Phoenician Goddess Who Protected Sailors (Guardamar, Spain)

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Phoenician Goddess Who Protected Sailors (Guardamar, Spain)

Post by billd89 »

This interests me because I suppose Hathor travelled with (Proto-)Jewish merchants in Antiquity to trade-sites around the Mediterranean:

1) Some Egyptian 'Proto-Jews' were known to worship the 'Queen of Heaven' (Astarte) according to Jeremiah (650 BC; perhaps closer to 450 BC).
2) The Hebrew 'Queen of Heaven' (c.650-550 BC) is from the same time-period as this Spanish archaeological site's findings.
3) If some 'Proto-Jews' were Phoenician-Egyptian traders/sailors who worshipped Astarte, they would visit a Temple or Sanctuary of 'Astarte' at places like Guardamar.
4) Evidence of an Phoenician-Egyptian goddess ('Astarte') at a Western Mediterranean site suggests at least the possibility of a Judaic network of traders long before the First C. AD. Such mariners may not have identified strongly with Yahu-Baal, c.500 BC.
5) Philo Judaeus was the scion of perhaps the richest shipping magnate family in the world, probably wealthy before his father's generation (50 BC). We may safely assume a Judeo-Egyptian merchant marine or 'Jewish' Mediterranean network existed far back in time, before 150 BC.
6) The expulsion of the Isiac cult with Jews (19 AD) suggests heterodox Jews were long resident in Italy (before 150 BC), worshipping Isis?

This “mother archetype” or 'Goddess of Ten Thousand Names' was worshipped in Piraeus by Egyptian merchants c.450 BC; Egypto-Semitic merchants stayed close to their own. Before Philo's day, the 'Lady of Abundance' or 'Goddess Who Guides' was associated by Alexandrian mariners with Agathe Tyche, goddess of Alexandria and consort to Agathodaimon; this is also 'Isis-Tyche.' The persistence of this goddess - and strong likelihood She was worshipped by some heterodox Jews of the Diaspora fairly late, into the Roman Period - is relevant in consideration of archaeological materials and sites where Semitic and Jewish mariners traded.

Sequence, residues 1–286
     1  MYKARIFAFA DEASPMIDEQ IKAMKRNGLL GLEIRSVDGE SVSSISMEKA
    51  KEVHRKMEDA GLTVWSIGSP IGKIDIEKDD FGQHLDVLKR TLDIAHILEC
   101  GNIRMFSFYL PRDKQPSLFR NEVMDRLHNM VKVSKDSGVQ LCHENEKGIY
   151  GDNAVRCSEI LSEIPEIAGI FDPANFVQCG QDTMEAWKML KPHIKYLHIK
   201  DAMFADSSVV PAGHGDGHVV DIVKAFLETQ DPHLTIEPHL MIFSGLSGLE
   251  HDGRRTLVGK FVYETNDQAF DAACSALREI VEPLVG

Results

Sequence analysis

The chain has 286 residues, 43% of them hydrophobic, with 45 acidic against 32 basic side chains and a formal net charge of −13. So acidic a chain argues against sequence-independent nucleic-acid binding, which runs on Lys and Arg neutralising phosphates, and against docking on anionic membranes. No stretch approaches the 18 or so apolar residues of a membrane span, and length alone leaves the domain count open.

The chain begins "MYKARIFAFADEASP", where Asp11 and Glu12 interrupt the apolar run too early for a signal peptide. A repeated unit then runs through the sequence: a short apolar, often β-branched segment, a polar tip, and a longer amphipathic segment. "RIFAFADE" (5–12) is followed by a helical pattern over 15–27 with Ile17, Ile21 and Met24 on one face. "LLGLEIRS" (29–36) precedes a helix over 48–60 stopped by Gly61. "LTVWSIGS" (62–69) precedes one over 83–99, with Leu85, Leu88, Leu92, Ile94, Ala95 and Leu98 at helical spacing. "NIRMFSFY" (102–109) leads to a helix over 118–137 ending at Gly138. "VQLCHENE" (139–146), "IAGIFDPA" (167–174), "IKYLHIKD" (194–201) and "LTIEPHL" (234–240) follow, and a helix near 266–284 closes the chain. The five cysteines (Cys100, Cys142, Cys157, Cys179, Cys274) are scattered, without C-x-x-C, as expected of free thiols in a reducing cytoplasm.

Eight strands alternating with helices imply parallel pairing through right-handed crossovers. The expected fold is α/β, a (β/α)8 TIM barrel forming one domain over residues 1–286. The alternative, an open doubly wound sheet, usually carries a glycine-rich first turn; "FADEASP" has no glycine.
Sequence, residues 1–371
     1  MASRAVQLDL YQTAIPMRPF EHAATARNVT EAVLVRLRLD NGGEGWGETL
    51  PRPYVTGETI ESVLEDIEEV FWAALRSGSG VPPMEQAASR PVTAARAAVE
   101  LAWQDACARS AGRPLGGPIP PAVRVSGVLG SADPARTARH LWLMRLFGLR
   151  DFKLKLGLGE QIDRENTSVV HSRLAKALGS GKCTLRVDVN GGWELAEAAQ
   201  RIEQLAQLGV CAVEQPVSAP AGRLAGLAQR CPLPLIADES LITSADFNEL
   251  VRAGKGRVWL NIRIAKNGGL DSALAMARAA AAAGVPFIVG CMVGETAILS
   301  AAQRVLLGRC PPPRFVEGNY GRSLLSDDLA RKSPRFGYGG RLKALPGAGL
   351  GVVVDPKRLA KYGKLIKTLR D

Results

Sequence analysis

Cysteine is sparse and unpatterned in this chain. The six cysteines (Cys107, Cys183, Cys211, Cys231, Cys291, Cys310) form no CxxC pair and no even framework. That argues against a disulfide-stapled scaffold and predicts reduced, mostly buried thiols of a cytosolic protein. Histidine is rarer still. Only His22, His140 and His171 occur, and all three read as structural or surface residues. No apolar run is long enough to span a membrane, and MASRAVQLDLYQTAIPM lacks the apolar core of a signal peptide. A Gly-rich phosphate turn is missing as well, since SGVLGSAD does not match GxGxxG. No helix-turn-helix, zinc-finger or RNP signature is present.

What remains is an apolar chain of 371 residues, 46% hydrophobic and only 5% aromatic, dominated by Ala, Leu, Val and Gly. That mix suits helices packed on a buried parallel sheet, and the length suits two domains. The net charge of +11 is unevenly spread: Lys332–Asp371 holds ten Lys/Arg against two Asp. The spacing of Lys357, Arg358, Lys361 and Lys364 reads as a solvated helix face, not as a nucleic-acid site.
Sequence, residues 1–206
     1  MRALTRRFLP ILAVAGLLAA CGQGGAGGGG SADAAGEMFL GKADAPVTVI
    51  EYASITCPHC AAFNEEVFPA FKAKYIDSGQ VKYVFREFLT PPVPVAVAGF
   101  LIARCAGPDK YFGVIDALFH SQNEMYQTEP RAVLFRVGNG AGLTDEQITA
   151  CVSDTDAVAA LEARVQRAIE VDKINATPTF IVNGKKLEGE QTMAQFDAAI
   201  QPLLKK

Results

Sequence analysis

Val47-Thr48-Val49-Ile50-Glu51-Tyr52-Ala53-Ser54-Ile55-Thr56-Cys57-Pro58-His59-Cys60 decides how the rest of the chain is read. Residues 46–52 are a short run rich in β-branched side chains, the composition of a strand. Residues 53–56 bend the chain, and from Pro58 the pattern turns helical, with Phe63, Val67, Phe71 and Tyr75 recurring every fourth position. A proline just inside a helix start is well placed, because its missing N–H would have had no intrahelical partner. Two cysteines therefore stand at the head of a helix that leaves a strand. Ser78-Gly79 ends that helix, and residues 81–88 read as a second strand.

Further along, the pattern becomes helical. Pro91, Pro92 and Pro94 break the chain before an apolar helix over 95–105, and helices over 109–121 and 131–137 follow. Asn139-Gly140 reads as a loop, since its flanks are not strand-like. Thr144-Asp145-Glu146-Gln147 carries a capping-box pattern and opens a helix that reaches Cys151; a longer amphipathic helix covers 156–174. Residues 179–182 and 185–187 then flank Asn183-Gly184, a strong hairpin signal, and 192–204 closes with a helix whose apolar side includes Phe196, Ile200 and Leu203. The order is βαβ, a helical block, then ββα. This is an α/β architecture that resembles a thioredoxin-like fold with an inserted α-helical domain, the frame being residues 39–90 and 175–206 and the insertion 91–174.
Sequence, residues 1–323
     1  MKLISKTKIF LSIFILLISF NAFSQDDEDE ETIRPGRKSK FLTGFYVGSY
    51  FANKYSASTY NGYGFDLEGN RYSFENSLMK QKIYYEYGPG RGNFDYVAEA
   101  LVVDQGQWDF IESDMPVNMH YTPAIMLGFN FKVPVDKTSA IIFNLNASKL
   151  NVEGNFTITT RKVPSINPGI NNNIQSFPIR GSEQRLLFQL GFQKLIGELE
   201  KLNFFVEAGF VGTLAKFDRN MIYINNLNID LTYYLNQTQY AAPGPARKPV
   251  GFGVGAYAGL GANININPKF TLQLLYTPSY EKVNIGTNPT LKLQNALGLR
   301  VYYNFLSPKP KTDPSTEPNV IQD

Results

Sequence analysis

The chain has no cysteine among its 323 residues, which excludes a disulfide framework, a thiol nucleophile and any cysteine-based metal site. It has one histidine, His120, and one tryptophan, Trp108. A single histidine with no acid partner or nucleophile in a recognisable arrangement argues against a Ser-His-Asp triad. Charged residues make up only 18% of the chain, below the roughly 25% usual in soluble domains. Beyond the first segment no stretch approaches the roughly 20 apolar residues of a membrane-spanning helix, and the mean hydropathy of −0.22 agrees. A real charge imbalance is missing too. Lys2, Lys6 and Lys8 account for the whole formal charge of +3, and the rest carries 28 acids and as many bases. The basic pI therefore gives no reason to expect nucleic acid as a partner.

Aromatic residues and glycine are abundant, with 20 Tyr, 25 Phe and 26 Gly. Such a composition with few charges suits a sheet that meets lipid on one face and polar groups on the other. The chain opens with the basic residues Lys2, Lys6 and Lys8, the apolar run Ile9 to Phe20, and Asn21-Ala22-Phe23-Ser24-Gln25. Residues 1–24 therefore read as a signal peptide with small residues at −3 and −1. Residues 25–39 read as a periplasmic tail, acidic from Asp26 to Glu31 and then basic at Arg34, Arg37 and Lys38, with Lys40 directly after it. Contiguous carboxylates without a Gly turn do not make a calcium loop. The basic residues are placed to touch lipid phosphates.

Since (some) 'Jews' were known to be associate with Egyptian Mystery cults, we may find the answer why in Proto-Jewish mariners' ancient affiliation to "Isis" (c.250 BC) and much earlier in Coastal Egypt (under whatever name, e.g. Hathor, Ashtoreth, etc.) Therefore, Egyptian Semite mariners (c.500 BC) probably worshipped Astarte/Ashtoreth at distant Mediterranean sites like this. ... astle.html

The authors maintain that the Astarte temple in Alicante {c.600 BC} didn’t change its affiliation with the passage of the centuries, “despite the fact that because of the heterogenous origins of the sailors that would have passed through here one might suppose the existence of hybridizations or some other kind of modification. The sacred value of the place must have stayed unchangeable during centuries,” although the Phoenician goddess ended up becoming the “goddess of the Iberians, the Tanit of the Carthaginians and a winged goddess from the beginning of the Roman Empire.”

Astarte, the goddess of the sea, was “Venus, the star that guides in the night because it’s the first that appears in the sky at sunset: goddess of the skies, of war, of sailing and fundamentally, of fertility and carnal love, but also of the magical and sacred use of water.” And they conclude: “In the area near the deposit we haven’t found grand urban structures dating before the Third Century BC, precisely because the center was the selfsame sanctuary, which functioned as the main space for cohesion in the region,” and everything was presided over by the goddess who protected the sailors, who all those carried with them as long as the pyre burned.

Egyptian-styled headdress noted, c.550 BC:

'Egyptian' Isis in Graeco-Roman variant, c.125 AD (note headdress):


The discovery of a terracotta fragment that belonged to a veiled female figure with a typical Hathoric hairstyle (corresponding to Egyptian goddesses) and a terracotta head with an Egyptian headdress confirmed the suspicions. The first is a figure with its arms crossed over its chest, with almond eyes, forehead wrinkles and ear shape that suggest images of the Phoenician goddess. It’s dated between the seventh and sixth centuries BC. The head, on the other hand, has a long neck topped by an Egyptian headdress and a hairstyle that also corresponds to the image of the goddess. “These pieces, interpreted as stoppers for sacred vessels in one case, were used in the eastern sanctuaries as votive offerings between the ninth and eight centuries BC.

Egyptian variants:

As 'Nude Aphrodite' on this Alexandrian gold bracelet, c.25 BC?

Canaanite-Phoenician variants:

Phoenician-Egyptian Astarte = Queen of the Heavens (Jeremiah 7:18; 44:17-25.)
Astarte c.550 BC, Cyprus.jpg
Astarte c.550 BC, Cyprus.jpg (96.9 KiB) Viewed 182 times
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